Both teams had to make up for three lost points in the previous round of the Eredivisie. PSV uncharacteristically failed to score at home and lost through a dying seconds opening goal to ADO while AZ gave away their 1-0 lead at Excelsior to lose 2-1 in the end. Tonight PSV needs the win to keep the close title race with Twente going and AZ needs these home points in order to keep their hopes of direct Europa League qualification alive.
Both teams tend to favor the fashionable 4-2-3-1 system, but their style of play is not exactly alike. PSV draws a lot on the quality of wingers Lens and Dszudszak, the latter now definitely staying another half season in the Eredivisie after his suggested move to Lille, curiously PSV’s next Europa League opponents, fell through during the past transfer window. PSV does have to do without the passing skills and offensive input of Ibrahim Afellay now that he moved to Barcelona. Their double pivot is formed by Hutchinson in a ‘destroyer’ role with ‘passer’ Engelaar beside him. In central defense ‘Maza’ Rodriguez replaced Marcelo who returns from injury, and might just make PSV’s Europa League clash with Lille next Thursday.
AZ misses a central defender too, as Moisander is suspended. Nick Viergever partners Mexican international Hector Moreno in AZ’s central defense. Behind them another unfamiliar face features, as goalkeeper Sergio Romero carries an injury picked up during the recent Argentina international friendly and he is replaced by AZ’s rather unknown reserve goalkeeper, Costa Rican Esteban Brown.
The match started out as a fairly balanced affair with two team playing essentially the same formation. As can be seen from the depicted starting line-ups, pairings of AZ and PSV players can be recognized all over the pitch, the only exception of course being that both teams have a spare man in defense due to their 4v3 defenses, and both double pivots outnumber their opponents man in-the-hole.
And this area of the pitch proved crucial in understanding the shift in the balance of play that occurred throughout the first half. During the first twenty minutes AZ captain Stijn Schaars was allowed quite some freedom and excelled in his deep-lying playmaker role. Often receiving the ball slightly left of the central axis he was allowed too much space and was able to direct AZ’s game. Just like in PSV’s victory over Roda, manager Rutten showed his flexibility and changed his approach during the game as he direct Hutchinson to a direct man-marking role on Schaars, successfully limiting the role of the AZ captain for the remaining part of the first half. Schaars had to drop even deeper to receive the ball at feet, but was unable to direct the game due to the Hutchinson pressure and the increased passing distance.
Meanwhile, as stated above, PSV drew on the strengths of their wingers. On the right wing Lens was occasionally able to get in behind his marker and use his pace to good effect while on the left wing Balasz Dszudszak emerged from his rather anonymous start to the game with a beautiful long range effort, curling the ball into the far top corner for PSV’s second goal. A crucial factor in PSV’s left wing game was the amount of freedom for left-back Pieters, who shows signs of an excellent development of late and is now regarded as the main candidate for the left-back spot in Van Marwijk’s national team too.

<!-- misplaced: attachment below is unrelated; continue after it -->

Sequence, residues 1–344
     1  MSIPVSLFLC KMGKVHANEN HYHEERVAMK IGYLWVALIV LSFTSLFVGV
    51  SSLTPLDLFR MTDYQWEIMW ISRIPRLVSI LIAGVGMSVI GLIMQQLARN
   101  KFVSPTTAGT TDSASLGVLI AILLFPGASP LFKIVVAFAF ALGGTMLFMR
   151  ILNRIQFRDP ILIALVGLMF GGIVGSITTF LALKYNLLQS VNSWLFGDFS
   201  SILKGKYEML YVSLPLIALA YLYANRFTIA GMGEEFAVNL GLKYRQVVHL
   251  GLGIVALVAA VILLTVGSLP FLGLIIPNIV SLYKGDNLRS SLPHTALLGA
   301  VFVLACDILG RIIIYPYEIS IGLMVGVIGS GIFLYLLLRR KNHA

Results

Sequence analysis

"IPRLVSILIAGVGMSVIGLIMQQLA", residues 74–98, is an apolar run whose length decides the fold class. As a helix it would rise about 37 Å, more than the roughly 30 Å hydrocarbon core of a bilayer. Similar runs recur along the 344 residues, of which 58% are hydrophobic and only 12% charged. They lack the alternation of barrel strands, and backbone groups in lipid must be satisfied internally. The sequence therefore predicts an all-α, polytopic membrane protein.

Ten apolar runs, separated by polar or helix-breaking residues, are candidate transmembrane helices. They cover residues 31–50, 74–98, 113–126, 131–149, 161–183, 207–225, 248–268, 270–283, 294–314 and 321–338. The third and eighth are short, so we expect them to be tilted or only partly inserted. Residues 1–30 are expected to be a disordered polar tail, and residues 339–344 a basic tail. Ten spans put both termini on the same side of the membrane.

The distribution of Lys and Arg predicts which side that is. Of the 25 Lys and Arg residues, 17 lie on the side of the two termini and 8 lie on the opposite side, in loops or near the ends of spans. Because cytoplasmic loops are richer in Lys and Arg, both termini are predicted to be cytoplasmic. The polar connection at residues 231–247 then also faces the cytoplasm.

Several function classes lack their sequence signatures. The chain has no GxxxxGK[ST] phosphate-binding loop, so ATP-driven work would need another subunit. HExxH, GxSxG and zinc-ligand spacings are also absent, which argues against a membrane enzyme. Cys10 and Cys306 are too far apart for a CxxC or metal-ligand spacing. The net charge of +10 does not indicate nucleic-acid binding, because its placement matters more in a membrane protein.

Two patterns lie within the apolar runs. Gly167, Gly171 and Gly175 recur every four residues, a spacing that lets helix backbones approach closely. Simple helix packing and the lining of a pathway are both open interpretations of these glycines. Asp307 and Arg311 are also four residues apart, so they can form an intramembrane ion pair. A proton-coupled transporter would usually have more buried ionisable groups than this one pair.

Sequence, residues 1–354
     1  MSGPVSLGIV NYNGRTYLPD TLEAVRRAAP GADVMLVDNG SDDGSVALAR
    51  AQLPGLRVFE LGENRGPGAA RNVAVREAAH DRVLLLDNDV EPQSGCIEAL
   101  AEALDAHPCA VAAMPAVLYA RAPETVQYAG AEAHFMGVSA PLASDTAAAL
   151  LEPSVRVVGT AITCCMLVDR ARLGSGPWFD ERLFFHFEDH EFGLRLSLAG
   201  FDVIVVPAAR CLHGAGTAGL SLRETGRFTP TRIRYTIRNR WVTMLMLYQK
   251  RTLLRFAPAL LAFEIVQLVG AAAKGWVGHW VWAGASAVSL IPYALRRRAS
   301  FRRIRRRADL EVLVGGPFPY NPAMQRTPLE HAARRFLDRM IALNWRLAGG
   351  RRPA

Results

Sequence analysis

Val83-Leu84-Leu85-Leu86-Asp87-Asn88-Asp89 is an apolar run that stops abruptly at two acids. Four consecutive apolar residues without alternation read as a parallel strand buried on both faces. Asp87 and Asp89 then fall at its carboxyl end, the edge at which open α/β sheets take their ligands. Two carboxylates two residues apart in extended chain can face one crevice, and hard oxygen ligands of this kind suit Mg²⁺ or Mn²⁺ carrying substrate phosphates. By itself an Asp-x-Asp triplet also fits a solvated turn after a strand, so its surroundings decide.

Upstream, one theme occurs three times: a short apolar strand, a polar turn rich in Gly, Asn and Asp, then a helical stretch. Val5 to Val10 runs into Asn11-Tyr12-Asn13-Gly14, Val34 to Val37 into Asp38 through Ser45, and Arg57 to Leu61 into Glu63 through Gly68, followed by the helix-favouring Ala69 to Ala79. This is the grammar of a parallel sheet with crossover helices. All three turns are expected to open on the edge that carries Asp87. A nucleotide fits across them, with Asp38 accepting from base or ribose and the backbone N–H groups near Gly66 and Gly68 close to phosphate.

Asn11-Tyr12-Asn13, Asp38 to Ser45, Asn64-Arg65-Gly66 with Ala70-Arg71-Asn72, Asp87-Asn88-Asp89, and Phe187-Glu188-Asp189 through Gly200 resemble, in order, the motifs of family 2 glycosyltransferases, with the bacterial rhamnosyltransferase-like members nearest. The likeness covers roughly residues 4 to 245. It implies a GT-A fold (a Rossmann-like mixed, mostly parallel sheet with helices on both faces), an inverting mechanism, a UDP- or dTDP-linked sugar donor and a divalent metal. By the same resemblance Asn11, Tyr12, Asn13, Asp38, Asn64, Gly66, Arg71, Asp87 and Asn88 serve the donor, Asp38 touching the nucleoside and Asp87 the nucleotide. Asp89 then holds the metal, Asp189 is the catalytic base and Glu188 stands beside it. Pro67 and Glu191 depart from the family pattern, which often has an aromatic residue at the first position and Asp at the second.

AZ right winger Brett Holman did not have the best of games, missing quite some shooting efforts in the first half and often drifting across the pitch in an attempt to make up for this by sheer work rate. As a consequence, his opponent Pieters was often allowed too much space and was able to assist Dsuzdszak on PSV’s left wing, outplaying Simon Poulsen 2v1 here. One of Pieters’ overlapping runs from deep saw him provide the cross that ultimately led to Berg’s tap-in after goalkeeper Esteban Brown pushed Toivonen’s effort on the post.
Second half changes
AZ made some logical changes chasing the game after half time. Seeing playmaker Schaars being effectively cancelled out by the excellent marking job of Atiba Hutchinson, they turned to the other part of the double pivot instead. Rasmus Elm, Swedish international, was deployed in more of a box-to-box role, frequently making runs to join Sigthorsson in the attack.
On top of that, with half an hour to go, AZ switched to a three-at-the-back concept with central defenders Moreno and Viergever taking turns in joining the midfield, both with and without the ball at feet. This immediately created some chances with Elm shooting from distance and Holman, again, missing a great opportunity from a left wing Elm cross.
Instead of providing a way back into the match, the changes backfired on AZ, shortly after manager Verbeek was, not for the first time in his career, sent off to the stands. Balasz Dzsudzsak once again showed his class by scoring another effort from outside the box after making his favorite run, cutting inside from the left wing. With the match effectively over, Berg scored a second goal too, rounding the goalkeeper after being played onside through in behind AZ’s advanced defensive line.
In the end
Despite the impressive 0-4 score line, this may have been the type of match to go down as AZ losing rather than PSV winning. Two similar 4-2-3-1 formations ensured a rather boring match from a tactical perspective as the teams cancelled each other out right from the start. In the end, PSV’s individual class provided enough for the win, with Dzsudzsak and Pieters on the left side performing particularly well, assisted by Holman’s poor game of missing chances and lacking defensive discipline.